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Spatialisation and the Fomenting of Political Violence

  • Deborah L. S. WrightEmail author
Chapter
Part of the Studies in the Psychosocial book series (STIP)

Abstract

This chapter introduces a formulation of ‘spatialisation,’ which is here understood as a form of psychological projection that involves physically acting upon one’s environment. It means doing things with or to oneself, yet outside the self – in a landscape, in relation to a building and/or a person. Such mechanisms have not been well developed in psychoanalytic thinking, certainly not in relation to the study of political violence. The chapter looks at the psychoanalytic theory pertaining to the concept, in particular Freud’s theory of instincts and Klein’s theory of the splitting into good and bad, sacred and profane. In a further step, the chapter will give historically and culturally specific examples of spatialisation, looking at 1990s war-torn Serbia and 1940s NS-Germany.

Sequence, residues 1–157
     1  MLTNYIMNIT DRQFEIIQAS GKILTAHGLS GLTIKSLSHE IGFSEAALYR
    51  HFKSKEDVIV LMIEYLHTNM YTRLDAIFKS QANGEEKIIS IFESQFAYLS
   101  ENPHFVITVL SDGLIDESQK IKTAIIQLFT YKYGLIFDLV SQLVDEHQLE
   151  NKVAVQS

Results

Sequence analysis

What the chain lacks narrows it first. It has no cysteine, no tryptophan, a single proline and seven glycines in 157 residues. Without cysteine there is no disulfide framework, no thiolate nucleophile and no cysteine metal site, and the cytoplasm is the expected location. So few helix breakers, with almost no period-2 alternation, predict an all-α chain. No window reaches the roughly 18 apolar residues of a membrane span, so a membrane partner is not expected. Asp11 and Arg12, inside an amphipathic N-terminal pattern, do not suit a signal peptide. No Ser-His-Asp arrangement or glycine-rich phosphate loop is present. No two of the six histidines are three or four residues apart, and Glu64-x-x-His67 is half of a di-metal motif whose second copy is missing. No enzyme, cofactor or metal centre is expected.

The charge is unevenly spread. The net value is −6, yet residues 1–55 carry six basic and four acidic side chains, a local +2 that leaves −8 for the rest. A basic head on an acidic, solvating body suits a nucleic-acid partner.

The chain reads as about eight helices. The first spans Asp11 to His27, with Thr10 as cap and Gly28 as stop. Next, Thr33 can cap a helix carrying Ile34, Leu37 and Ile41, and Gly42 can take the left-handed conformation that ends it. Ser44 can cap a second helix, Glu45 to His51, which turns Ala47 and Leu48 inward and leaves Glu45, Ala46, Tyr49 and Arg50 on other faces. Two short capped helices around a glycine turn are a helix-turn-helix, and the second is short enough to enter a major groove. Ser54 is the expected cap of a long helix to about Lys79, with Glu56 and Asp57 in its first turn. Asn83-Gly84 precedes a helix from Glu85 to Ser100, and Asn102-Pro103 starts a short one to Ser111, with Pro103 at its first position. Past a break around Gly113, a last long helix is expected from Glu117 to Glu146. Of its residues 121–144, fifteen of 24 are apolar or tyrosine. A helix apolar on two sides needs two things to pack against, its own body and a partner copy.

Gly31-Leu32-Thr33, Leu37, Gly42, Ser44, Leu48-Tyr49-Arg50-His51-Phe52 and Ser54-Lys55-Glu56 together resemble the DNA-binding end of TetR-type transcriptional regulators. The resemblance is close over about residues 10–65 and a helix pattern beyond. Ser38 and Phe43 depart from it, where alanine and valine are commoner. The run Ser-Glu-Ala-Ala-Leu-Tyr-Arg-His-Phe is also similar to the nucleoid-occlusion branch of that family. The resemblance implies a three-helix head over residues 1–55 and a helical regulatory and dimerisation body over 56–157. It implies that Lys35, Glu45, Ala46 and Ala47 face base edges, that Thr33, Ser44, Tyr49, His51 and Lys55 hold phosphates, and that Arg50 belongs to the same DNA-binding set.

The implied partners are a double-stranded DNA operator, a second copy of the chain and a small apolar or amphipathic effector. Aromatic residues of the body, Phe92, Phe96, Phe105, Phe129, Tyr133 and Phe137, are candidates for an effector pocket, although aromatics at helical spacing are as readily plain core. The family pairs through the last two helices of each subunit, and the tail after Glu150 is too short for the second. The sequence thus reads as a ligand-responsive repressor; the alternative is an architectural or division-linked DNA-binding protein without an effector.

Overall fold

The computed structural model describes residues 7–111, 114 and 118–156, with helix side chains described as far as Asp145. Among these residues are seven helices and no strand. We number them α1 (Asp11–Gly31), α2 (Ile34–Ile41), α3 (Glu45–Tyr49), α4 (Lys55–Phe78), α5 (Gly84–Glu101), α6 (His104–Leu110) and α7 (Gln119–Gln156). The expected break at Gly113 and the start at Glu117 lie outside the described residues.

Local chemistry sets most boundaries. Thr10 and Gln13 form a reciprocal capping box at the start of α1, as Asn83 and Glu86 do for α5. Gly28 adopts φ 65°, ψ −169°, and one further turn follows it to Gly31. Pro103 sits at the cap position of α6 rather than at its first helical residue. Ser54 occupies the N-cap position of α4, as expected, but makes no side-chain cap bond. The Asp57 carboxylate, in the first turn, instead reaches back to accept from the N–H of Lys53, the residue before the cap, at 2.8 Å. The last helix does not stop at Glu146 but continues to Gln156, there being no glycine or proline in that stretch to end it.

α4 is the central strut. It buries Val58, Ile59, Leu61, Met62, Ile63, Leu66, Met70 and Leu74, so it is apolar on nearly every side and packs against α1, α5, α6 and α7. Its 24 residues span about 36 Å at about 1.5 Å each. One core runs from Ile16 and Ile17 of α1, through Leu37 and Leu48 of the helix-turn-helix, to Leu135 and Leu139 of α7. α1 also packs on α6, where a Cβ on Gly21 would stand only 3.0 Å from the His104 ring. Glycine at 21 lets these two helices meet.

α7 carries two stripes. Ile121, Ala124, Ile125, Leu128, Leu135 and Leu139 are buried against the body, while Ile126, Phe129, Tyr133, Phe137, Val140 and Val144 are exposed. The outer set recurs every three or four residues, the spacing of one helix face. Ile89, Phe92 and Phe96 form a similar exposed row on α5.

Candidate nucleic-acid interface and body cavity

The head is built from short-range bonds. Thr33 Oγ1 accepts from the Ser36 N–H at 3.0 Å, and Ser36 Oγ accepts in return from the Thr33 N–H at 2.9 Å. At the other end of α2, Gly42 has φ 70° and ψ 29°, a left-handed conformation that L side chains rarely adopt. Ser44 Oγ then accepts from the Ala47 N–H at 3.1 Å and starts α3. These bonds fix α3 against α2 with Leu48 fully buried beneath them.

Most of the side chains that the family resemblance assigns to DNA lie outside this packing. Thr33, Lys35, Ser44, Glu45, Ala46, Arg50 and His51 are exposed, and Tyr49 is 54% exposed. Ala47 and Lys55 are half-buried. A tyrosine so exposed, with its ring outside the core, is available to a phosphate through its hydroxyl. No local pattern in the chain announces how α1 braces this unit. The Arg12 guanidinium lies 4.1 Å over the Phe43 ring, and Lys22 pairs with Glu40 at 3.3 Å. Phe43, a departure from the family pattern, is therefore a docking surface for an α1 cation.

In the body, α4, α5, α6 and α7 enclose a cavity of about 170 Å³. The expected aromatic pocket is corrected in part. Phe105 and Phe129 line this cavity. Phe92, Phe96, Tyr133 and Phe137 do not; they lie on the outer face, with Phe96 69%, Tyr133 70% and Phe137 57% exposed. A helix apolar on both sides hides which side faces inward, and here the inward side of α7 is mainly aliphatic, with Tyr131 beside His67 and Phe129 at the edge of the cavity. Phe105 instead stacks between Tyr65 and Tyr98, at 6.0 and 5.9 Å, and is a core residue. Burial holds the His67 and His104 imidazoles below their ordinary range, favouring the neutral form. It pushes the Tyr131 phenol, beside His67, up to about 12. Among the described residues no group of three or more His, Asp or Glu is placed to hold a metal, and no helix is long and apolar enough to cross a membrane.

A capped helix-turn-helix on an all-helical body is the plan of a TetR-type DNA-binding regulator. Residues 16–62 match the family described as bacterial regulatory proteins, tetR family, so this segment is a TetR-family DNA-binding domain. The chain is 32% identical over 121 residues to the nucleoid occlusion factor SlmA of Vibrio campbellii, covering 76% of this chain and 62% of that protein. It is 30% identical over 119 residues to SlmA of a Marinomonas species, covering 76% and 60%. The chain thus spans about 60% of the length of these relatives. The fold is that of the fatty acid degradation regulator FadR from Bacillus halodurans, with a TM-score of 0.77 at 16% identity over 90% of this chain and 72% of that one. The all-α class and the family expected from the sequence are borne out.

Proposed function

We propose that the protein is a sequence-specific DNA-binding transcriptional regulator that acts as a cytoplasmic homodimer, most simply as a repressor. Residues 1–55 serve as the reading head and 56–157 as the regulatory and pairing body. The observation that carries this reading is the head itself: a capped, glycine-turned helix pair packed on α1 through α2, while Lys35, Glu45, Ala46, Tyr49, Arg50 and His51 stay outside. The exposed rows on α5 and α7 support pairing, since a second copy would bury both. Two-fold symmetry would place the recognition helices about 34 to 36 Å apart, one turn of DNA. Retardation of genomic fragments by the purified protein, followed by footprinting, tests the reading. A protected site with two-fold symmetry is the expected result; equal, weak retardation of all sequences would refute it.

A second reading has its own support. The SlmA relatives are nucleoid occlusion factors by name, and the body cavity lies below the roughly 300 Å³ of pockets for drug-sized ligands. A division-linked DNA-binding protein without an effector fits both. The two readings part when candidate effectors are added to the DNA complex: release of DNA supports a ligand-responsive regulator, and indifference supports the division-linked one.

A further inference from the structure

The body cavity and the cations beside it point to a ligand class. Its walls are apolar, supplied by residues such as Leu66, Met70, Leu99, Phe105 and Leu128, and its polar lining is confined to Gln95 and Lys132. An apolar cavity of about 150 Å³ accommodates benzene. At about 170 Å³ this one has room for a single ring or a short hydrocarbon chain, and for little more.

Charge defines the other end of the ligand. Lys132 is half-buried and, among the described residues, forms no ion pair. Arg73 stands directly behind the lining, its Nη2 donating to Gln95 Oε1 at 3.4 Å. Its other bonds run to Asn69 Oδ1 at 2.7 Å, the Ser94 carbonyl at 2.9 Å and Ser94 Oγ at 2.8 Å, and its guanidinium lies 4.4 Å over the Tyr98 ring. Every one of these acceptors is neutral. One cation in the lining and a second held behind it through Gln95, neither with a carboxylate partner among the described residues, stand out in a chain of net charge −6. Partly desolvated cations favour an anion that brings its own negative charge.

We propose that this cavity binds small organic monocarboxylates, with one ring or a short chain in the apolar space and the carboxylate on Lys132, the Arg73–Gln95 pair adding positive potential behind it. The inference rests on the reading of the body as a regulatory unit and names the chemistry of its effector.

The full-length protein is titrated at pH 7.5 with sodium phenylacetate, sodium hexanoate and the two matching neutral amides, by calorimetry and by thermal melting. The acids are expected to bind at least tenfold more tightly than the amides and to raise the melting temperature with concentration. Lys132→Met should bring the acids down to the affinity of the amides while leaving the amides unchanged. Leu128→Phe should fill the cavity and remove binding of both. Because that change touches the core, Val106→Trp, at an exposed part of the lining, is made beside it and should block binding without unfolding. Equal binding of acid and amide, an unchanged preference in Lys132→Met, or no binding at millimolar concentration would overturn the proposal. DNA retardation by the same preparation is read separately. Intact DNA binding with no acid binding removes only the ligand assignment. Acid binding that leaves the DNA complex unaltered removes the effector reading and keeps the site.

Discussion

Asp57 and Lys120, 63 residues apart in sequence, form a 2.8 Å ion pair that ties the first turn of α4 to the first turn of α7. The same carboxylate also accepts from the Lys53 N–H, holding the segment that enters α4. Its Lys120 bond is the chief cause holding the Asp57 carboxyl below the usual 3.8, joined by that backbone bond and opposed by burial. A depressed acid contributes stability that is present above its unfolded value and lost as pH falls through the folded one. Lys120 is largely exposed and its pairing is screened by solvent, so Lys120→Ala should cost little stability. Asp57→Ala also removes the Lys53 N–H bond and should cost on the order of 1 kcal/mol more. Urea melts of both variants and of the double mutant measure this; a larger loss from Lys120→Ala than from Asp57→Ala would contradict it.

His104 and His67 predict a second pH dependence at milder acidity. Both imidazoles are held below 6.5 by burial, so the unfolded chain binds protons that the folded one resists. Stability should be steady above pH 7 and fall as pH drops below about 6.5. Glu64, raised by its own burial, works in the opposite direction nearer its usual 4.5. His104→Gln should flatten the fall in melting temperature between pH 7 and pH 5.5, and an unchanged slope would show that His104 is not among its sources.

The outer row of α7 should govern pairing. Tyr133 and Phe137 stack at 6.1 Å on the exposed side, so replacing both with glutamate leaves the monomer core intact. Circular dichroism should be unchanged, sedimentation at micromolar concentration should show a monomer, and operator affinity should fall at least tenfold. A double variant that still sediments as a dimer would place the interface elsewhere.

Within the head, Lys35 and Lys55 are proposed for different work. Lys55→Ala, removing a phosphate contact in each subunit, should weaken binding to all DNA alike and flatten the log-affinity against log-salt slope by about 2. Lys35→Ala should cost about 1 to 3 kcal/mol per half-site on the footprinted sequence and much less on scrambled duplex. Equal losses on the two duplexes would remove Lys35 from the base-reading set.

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Copyright information

© The Author(s) 2018

Authors and Affiliations

  1. 1.Department of Psychosocial and Psychoanalytic StudiesUniversity of EssexColchesterUK

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